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The Colonel And The Horse-Thief
by [?]

Those marks on my arm? Oh! I got ’em playin’ horse-thief. Yes, playin’. I wasn’t a real one, you know–Well, I s’pose it was sort of a queer game. Came near bein’ my last too, and if Black Hawk hadn’t been the best horse in Texas the old Colonel would’ve killed me sure. He chased me six miles as it was–me with one arm full of his buckshot and anxious to explain, and him strainin’ to get in range again and not wishin’ any further particulars.

That was way back in the sixties, when I was as wild a lad as ever straddled a pony.

You see five of us had gone over into the Crow Nation to race horses with the Indians, and it was on the way back that the old man and the bullet holes figger in the story.

At the beginnin’ it was Jim Barrett’s plan, and it had jest enough risk and devilment in it to suit a harum-scarum young feller like me; so we got five of the boys who had good horses, lumped together all of our money, and rode out to invade the reservation.

You know how an Indian loves to run horses? Well, the Crows had a good deal of money then, and our scheme was to go over there, get up a big race, back our horses with all we had, and take down the wealth.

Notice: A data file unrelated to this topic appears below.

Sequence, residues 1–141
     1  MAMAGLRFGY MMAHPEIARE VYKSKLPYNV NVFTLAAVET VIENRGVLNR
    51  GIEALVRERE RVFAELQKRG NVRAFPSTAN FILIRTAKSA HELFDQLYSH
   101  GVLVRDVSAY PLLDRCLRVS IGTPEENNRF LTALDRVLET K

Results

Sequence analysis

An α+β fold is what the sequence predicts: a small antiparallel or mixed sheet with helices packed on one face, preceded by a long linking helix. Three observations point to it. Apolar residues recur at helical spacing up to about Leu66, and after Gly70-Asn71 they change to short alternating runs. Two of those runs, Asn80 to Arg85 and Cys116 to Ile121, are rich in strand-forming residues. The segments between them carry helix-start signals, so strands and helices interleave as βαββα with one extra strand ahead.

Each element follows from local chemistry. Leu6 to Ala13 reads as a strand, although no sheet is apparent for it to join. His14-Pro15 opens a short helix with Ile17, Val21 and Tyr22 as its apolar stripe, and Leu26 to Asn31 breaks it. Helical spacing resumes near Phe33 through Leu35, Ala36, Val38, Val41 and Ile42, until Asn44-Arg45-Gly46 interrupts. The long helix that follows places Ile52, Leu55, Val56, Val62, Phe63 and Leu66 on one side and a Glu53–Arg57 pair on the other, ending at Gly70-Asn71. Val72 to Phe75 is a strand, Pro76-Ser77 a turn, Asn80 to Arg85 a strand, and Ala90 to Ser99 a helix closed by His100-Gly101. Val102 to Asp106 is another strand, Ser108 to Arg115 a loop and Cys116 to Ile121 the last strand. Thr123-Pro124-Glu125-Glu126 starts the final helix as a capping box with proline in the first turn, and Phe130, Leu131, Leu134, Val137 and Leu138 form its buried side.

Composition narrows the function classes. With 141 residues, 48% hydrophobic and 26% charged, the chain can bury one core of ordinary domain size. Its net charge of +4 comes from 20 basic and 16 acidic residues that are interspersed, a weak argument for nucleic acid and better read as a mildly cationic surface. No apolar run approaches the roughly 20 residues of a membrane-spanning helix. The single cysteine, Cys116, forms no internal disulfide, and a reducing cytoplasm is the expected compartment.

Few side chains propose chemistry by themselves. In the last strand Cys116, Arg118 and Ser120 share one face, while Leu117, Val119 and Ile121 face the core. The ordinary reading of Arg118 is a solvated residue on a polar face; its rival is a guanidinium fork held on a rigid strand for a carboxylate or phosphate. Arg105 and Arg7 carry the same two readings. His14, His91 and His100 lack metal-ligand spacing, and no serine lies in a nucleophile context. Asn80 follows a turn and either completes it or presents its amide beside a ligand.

Takin’ chances? Don’t you believe it. That’s where the beauty of Jim’s plan commenced to sort of shine through.

You see, as soon as the money was up and the horses started, every Indian would be watchin’ the race and yellin’ at the nags, then, in the confusion, our boys was to grab the whole pot, Indian’s money and ours too, and we’d make our get away across the river back into Texas.

We figured that we could get a few minutes start of ’em, and, with the horses we had under us, there wasn’t much danger of their gettin’ in range before we crossed back to where they couldn’t follow us.

Well, sir! I never see anything work out like that scheme did. Them Crows was dead anxious to run their ponies and seemed skeered that we wouldn’t let ’em get all their money up.

As we was eatin’ supper the night before the race, Donnelly says: “Boys, I’m sore that we didn’t have more coin. If we’d worked ’em right they’d ‘a’ give us odds. We could ‘a’ got five to three anyhow, and maybe more.”

“They shore have got a heap of confidence in them skates of their’n,” says Kink Martin. “I never see anybody so anxious to play a race in my life. If it wasn’t all planned out the way it is, I’d like to stick and see which hoss is the best. I’d back Black Hawk agin any hunk of meat in the Territory, with the Kid here in the saddle.”

They’d ribbed it up for me to ride Martin’s mare, Black Hawk, while a little feller named Hollis rode his own horse.

Donnelly’s part was to stay in the saddle and keep the other horses close to Barrett and Martin. They was to stick next to the money, and one of ’em do the bearin’ off of the booty while the other made the protection play.

We hoped in the excitement to get off without harmin’ any of Uncle Sam’s pets, but all three of the boys had been with the Rangers and I knew if it came to a show down, they wouldn’t hesitate to “pot” one or two in gittin’ away.

We rode out from camp the next mornin’ to where we’d staked out a mile track on the prairie and it seemed as if the whole Crow Nation was there, and nary a white but us five.